Evan Felker, singer, guitarist and principal songwriter of Oklahoma-based The Turnpike Troubadours, hosts a fundraiser for the Woody Guthrie Coalition 8 p.m. Friday at Crystal Theatre, 401 W. Broadway St., in Okemah.
Proceeds from the Evan Felker & Friends show help the coalition fund the Woody Guthrie Folk Festival, which returns July 13-17. The annual event began in 1998 to honor its namesake and happens each year on the weekend nearest July 14 to celebrate the iconic folk musicians birthday. For 17 years, entry was free. However, in 2015, parts of the festival charged admission to offset lodging and transportation costs for its annual roster of music acts. Artists donate their time to perform in WoodyFest.
Felker will play as part of The Natural Disasters, a band his friends created for Fridays event. Felker said a singer-songwriter hosting a concert benefiting the memory of an Okemah-born folk icon is fitting.
In September, Felker and the Troubadours were recognized as Writer of the Week in American Songwriter magazine. Felker said he owes his talent to his teenaged discovery of Red Dirt music.
At about the time when a lot of my buddies were going off to college in Stillwater and coming back on the weekends, partying and stuff, they were bringing back music like [Cross Canadian] Ragweed, [Jason] Boland and all that stuff, he said. I think I was probably 16 or 17.
The Stillwater Red Dirt sound took hold of Felker, changing his perspective of what a musician was and could be.
Anything that was sort of underground with really good songwriting, I remember I latched onto that because I thought you had to be Garth Brooks or Kurt Cobain to do well, said Felker.
It is Red Dirts tradition of songwriting that Felker grasped, and it has become his and the Troubadours calling card.
It seemed to be from an honest persons perspective, to a large degree. It felt homemade, a real person writing a real song and it being good and being appreciated for what it was, he said.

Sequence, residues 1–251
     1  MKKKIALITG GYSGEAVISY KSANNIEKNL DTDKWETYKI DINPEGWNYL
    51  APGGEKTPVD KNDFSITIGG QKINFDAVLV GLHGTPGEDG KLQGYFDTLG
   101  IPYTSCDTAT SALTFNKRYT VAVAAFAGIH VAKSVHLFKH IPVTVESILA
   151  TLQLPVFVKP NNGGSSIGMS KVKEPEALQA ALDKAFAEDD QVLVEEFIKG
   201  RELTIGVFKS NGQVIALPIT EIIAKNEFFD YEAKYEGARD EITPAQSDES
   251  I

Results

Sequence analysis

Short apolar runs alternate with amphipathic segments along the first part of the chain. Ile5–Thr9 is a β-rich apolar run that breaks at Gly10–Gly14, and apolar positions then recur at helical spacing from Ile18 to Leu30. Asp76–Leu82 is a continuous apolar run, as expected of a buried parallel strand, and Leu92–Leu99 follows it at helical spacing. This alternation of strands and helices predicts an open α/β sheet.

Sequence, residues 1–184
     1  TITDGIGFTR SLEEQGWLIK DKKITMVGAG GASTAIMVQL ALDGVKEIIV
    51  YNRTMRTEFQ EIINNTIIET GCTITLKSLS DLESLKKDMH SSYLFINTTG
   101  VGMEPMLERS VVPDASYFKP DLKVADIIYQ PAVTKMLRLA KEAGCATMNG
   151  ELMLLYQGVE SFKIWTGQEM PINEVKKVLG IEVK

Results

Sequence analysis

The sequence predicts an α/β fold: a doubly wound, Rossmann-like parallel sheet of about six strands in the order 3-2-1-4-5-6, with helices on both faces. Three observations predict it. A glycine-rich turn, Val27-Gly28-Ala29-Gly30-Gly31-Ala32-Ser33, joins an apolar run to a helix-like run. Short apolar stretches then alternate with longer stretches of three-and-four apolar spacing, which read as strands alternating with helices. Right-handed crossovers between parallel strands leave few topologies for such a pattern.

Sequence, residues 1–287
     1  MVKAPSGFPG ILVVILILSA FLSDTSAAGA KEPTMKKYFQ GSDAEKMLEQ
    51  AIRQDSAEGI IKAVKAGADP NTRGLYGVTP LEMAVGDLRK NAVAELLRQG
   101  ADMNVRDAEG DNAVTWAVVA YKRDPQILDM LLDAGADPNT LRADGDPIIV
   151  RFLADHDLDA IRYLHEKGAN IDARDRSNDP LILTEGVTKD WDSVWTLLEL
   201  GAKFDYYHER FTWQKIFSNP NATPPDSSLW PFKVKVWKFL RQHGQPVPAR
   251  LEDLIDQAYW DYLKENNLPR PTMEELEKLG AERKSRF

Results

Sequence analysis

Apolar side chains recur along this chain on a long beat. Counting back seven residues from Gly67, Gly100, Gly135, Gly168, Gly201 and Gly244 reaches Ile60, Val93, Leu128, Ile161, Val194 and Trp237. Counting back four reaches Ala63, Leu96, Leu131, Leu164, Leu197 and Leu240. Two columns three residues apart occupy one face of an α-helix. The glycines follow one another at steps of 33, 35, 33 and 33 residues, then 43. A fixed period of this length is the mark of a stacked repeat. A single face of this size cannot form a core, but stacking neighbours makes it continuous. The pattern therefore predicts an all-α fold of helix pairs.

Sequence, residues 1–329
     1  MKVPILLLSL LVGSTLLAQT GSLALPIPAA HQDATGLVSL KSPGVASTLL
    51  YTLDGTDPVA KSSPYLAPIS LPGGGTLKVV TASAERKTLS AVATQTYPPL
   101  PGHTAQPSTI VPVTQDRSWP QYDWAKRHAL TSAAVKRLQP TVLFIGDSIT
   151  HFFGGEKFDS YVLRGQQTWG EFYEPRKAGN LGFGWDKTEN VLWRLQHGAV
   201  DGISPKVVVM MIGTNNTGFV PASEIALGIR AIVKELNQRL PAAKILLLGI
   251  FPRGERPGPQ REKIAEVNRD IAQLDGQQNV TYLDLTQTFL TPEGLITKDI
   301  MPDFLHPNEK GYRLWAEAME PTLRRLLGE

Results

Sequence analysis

As one would expect, Felkers songwriting ability and focus has changed over the years.
I like to think Ive improved. Ive been exposed to more life, different art, different songs, he said. I like to think I can tell a more succinct story.
The lyrical clarity with which Felker now writes affects his songs subjects as well as the form.
I probably write more prose than abstract poetry, Felker said. Some of the earlier songs were what I call an abstract narrative. They werent quite as much about a linear story as much as pretty imagery.
Lyrically, Felker is a precise writer, but subject matter is a different story. He said lyrical themes can be, and usually are, everyday occurrences, like women, natural disasters and drinking problems. However, its the viewpoint that is most important to him.
Its just whatever strikes me, a perspective that hasnt been beaten into the ground, an interesting one where you can find some commonplace scenario that you can find some poetry in or beauty in, he said.
When speaking about lyrics, Felker comes off more literary than the average musician, no matter the genre. His use of phrases such as abstract and concrete narratives and poetry and prose bring to mind the image of a college English major more than a musician. Felker said he wants his lyrics to have impact.
I kind of like tearing away at them. I like to go back through them line by line, he said. I usually go through and try to really get them, line by line, to where each line has some meaning.
Print headline: Natural songwriter, Musician Evan Felker joins his friends to raise money for the Woody Guthrie Coalition and its annual festival in Okemah.